Claims Against Professionals
Running a company means having to have a good understanding of lots of management issues, but there will always be occasions where you have to rely on specialist advice from a professional. Sadly, such advice may not always be correct and business owners can feel they have nowhere to turn for redress.
The recent House of Lords case of Haward v Fawcetts  UKHL 9 is a reminder of the importance of taking prompt action to seek redress when things go wrong as a result of relying on a professional opinion.
The facts of the case are by no means unusual. In December 1994 Mr Haward, an experienced businessman, purchased a controlling shareholding in a company called Kings Stag Engineering Ltd in, having first obtained a report upon the financial position of the company from his accountants, Fawcetts. Fawcetts’ report was favourable, and, relying upon it, Mr Haward invested substantial sums in Kings Stag Engineering Ltd. The sums in question were as follows:-
In December 2001, Mr Haward commenced proceedings against Fawcetts claiming that he should be compensated for all the sums he had invested in the company.
The court decided that Mr Haward was entitled to be compensated, but was too late to claim the first £431,000.00 invested during 1995.
The current law on time limits
To understand the case it is first necessary to be aware that, as a general rule, the latest possible date for issuing proceedings in these circumstances is 6 years from the date on which the negligence caused loss, in this case the date, or rather dates, on which Mr Haward invested his money.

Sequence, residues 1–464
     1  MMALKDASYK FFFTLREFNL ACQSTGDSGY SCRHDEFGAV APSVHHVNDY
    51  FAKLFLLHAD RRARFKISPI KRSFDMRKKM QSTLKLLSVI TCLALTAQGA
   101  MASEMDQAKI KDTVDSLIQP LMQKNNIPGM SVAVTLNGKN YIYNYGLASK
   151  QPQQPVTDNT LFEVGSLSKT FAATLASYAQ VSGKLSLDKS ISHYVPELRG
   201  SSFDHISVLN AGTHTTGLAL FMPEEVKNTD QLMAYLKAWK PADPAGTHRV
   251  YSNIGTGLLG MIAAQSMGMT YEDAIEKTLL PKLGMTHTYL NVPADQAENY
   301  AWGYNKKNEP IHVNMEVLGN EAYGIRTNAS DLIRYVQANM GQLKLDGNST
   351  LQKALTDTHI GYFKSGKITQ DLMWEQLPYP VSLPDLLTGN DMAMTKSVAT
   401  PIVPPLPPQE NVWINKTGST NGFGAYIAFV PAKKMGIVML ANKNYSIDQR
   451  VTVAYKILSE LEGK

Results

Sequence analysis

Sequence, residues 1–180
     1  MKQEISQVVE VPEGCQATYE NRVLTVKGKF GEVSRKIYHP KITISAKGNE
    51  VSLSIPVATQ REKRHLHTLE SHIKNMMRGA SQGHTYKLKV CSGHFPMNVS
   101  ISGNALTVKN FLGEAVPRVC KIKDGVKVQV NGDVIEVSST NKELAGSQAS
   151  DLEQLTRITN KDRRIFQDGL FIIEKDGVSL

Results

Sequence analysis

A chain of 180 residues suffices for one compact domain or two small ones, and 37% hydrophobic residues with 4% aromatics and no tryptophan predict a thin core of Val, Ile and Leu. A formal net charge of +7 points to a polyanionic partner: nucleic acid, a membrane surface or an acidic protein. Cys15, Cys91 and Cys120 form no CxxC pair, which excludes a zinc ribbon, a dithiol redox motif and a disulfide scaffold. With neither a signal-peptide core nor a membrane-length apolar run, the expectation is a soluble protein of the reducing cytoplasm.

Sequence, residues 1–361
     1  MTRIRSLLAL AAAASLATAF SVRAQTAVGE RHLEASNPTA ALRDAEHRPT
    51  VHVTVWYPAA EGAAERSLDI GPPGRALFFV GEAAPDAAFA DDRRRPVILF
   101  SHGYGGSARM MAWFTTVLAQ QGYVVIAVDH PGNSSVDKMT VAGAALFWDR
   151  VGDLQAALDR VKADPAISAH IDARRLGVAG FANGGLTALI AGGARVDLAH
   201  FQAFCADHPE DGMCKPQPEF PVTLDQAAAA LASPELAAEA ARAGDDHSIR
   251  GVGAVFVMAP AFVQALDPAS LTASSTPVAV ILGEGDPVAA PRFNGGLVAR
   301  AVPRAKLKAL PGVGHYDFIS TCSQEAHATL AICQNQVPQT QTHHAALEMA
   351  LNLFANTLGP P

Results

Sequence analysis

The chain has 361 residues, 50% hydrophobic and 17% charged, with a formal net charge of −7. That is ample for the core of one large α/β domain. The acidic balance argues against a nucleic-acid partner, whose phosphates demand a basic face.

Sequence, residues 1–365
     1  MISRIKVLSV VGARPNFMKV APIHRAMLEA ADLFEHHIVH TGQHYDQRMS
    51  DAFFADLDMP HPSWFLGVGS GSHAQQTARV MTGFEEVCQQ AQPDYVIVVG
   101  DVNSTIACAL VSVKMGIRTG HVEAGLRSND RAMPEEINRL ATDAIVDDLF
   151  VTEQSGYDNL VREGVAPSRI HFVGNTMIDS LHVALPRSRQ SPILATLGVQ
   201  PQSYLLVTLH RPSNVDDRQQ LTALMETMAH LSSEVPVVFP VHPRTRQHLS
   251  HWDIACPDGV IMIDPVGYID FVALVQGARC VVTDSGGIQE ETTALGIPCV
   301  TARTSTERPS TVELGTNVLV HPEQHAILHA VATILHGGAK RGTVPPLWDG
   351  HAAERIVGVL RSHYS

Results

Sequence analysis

However, the time for issuing proceedings can be extended if the claimant has suffered “latent damage”, that is, where facts relevant to the cause of action are not known at the date when loss is suffered.
Section 14 A of the Limitation Act 1980 provides that time for commencing proceedings is 6 years from the date on which the loss is suffered or, if later, 3 years from the date on which the claimant acquires knowledge of (amongst other things) the following:
- That he has suffered damage that is sufficiently serious to justify issuing proceedings against a defendant who admitted liability and would be good for the money; and
- That the damage is attributable to, the act or omission which is alleged to constitute negligence.
Section 14A also provides that
- Knowledge that any acts or omissions did or did not, as a matter of law, involve negligence is irrelevant.
- For the purposes of Section 14A, a person’s knowledge includes "knowledge which he might reasonably have been expected to acquire from facts observable by him or from facts ascertainable by him with the help of appropriate expert advice, which it is reasonable for him to seek"; and
- That a person "shall not be taken …. to have knowledge of a fact ascertainable only with the help of expert advice so long as he has taken all reasonable steps to obtain (and, where appropriate, action) that advice".
Haward v Fawcett
In the case of Haward v Fawcetts, Mr Haward suffered loss each time he invested money in the company in reliance upon the report. Thus, by the time he issued proceedings in 2001, because more than 6 years had elapsed since he invested the first £431,000.00, he was too late to recover that initial sum unless his time for issuing proceedings for that first amount was extended by s.14A of the Limitation Act 1980.